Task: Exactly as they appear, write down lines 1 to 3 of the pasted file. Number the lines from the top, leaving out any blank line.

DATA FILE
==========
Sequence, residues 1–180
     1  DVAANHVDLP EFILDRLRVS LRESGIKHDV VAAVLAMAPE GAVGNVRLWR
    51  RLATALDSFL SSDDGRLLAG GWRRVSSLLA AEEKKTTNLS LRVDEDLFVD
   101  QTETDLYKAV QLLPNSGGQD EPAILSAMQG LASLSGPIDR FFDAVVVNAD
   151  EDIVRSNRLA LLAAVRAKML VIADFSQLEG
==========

Sequence, residues 1–180
     1  DVAANHVDLP EFILDRLRVS LRESGIKHDV VAAVLAMAPE GAVGNVRLWR
    51  RLATALDSFL SSDDGRLLAG GWRRVSSLLA AEEKKTTNLS LRVDEDLFVD